Berliners get right on the cans as soon as the sun goes down, so join in and get yourself a few from the nearest convenience store and go for gold.
How to get there
Airlines flying from London fly to both Tegel and SchÃ¶nefeld airports in Berlin. Unless you’re in the middle of a trip through Europe currently and can easily get to Berlin by train (e.g. you have a Eurail pass), you’d fly in.
Tegel (TXL) Airport
Personally I snapped up a cheap fare from bmi as part of theirÂ bmifriday sales campaign, run on the last Friday of each month. These guys fly direct from London Heathrow to Berlin Tegel, alternatively you could grab an Air Berlin or British Airways flight. A bus runs from Tegel airport to the Hauptbahnhof (central train station), where itâ€™s then easy to find your digs.
SchÃ¶nefeld (SXF) Airport
Ryanair fly from London Stansted airport to SchÃ¶nefeld, but beware that this airport is a fair way further out of Berlin (it’s actually out of the city limits, in Brandenburg) than Tegel. It does however have a direct S-Bahn train link unlike Tegel. Just another one of those Ryanair “we can kinda get you to “that European city” but we’ll dump you 239040 miles away from the actual city” specials.
Where to Stay
I stayed true to my trend of booking the highest rated, best located hostel in the city I’m visiting on hostelbookers.com, and stayed at theÂ Baxpax Downtown Hostel (at ZiegelstraÃŸe 28, closest S-Bahn station, Friedrichstrasse or Oranienburger StraÃŸe) for the 2 nights I was there.
All the staff were super friendly and told me everything I needed to know about the place. I met a cool Croatian couple in my room, but never met the other 4 people staying there as apparently they’d left for the day 3 days ago and hadn’t returned? Weird.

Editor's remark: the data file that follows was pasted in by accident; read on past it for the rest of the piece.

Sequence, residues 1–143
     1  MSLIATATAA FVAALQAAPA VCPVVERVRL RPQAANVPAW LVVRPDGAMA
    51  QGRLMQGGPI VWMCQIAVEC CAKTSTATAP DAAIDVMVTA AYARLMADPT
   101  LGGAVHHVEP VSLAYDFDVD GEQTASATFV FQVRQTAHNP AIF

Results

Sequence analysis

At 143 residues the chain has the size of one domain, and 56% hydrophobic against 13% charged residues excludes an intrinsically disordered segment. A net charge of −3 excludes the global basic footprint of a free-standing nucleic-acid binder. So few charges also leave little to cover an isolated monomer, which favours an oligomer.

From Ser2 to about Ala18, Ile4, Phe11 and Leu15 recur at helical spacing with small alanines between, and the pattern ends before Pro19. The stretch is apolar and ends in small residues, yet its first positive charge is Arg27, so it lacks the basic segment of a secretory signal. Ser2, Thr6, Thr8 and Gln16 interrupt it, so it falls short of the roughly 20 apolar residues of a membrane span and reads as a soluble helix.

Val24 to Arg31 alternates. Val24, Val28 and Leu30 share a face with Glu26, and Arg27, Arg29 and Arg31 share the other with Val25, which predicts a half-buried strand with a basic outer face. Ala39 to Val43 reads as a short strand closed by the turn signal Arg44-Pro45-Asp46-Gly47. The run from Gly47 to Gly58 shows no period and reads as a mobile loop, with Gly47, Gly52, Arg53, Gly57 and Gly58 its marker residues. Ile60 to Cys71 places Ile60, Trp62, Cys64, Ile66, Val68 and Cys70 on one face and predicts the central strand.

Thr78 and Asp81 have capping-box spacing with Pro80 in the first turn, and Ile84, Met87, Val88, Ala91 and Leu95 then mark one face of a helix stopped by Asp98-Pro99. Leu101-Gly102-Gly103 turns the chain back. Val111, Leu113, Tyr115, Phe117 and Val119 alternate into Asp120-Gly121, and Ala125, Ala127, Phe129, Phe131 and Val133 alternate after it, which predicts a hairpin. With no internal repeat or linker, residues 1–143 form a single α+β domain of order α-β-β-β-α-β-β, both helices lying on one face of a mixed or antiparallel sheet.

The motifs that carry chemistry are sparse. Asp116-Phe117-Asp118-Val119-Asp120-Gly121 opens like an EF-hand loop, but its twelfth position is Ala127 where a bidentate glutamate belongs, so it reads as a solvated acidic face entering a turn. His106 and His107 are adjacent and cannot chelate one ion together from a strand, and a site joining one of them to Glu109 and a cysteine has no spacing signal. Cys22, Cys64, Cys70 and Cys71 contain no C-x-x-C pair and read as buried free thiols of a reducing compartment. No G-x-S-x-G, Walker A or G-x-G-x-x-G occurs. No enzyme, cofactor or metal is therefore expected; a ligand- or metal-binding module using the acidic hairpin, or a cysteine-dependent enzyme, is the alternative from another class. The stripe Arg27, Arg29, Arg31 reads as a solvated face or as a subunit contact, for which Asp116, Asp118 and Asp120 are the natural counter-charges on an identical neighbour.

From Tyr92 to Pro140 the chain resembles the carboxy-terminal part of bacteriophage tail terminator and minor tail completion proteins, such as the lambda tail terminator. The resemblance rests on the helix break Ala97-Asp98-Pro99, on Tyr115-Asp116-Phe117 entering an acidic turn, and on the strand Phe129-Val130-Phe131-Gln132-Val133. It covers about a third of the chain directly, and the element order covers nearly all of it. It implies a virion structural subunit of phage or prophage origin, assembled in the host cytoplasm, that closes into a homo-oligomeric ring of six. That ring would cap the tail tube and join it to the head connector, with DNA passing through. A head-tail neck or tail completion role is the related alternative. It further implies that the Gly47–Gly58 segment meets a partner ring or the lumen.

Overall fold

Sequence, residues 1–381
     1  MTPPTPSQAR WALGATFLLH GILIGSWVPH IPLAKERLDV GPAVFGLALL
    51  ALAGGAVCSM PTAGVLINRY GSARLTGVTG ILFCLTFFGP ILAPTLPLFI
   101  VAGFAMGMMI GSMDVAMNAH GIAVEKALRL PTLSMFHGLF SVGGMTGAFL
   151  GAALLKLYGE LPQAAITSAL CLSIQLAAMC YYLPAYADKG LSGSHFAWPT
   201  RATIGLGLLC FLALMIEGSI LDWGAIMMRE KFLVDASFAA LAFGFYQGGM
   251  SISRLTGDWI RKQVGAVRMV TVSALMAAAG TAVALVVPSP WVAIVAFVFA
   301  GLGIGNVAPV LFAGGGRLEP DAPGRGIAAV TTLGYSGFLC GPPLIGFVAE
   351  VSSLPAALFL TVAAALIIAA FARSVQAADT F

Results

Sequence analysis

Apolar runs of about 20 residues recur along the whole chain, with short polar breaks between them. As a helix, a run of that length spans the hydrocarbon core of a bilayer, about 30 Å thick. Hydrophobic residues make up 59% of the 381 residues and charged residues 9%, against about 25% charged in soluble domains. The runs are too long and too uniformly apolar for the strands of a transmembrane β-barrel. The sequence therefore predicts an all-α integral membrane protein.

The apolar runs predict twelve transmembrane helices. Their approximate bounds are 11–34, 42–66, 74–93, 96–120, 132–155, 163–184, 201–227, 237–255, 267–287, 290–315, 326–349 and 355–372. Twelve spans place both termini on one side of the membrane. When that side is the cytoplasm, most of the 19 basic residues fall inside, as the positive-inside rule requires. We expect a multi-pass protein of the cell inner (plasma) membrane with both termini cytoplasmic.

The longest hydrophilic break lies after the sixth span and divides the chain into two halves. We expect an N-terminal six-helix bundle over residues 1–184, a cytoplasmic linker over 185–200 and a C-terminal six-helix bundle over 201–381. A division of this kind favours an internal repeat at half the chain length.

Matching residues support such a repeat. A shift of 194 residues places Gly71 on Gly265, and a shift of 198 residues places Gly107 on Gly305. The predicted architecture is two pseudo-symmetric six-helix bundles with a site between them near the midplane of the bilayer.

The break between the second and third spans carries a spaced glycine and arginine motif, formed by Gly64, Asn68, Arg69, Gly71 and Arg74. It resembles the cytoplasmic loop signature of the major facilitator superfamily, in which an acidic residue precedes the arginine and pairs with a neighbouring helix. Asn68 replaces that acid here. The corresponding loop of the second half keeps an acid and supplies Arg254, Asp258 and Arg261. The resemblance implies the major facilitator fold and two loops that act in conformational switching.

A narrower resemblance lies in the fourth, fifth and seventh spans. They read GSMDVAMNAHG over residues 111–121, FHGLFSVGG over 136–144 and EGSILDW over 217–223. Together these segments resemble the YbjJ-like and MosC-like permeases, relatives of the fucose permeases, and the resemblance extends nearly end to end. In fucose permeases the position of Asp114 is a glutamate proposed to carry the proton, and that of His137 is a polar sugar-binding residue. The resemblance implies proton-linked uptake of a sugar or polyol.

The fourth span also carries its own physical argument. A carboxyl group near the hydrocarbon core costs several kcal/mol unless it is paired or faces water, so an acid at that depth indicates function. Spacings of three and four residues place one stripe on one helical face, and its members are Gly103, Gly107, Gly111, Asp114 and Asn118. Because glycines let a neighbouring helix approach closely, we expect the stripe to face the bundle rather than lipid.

There’s a bar and cafÃ©, along with a really cool backyard to hang out in and smash some beers with mates or new ones you’ve just met. There’s even a little kiddie pool to get your splashy frolic on after a hard day treading the pavement.
Get around in Berlin
Berlin has a super efficient public transport system. Using the U-Bahn (underground trains), S-Bahn (overground trains) or trams will get you anywhere in the city. Get yourself aÂ Berlin CityTourCard, which is broken up into days of validity and tariff zones, available from most train stations. I got a 48 hour AB zone version, which set me back â‚¬15,90 and allowed me to travel on all public transport the entire time I was in town. Youâ€™ll only need the C zone in addition to the AB zones if you want to go out and visit Potsdam (Germanyâ€™s Versailles equivalent).
Another AWESOME thing about Berlin is that all the trains run 24/7 on weekends, so getting back from a heaving techno club at 4:30am is a piece of cake.
Berlin is a pretty cheap city as far as Europe is concerned. A beer (0,5cL â€“ 500mL) will cost you about â‚¬3 in a bar, or â‚¬1,50 a can in a convenience store. A meal including a beer from The Bird will set you back â‚¬10-â‚¬15.
Budget for about â‚¬75 per day, depending on your drinking habits!
As far as European capitals go, Berlin is one of the most significant and culturally rich you could visit. Thereâ€™s so much to learn about, from the democracy of the Weimar Republic, to the Nazi era to Soviet occupation. Not to mention all the cool bars (especially around OranienburgerstraÃŸe) and clubs to check out. Berlin will keep you going all weekend long and will leave you wanting to come back for more. I didnâ€™t get home till 5:30am both nights I was there, be prepared for a good time.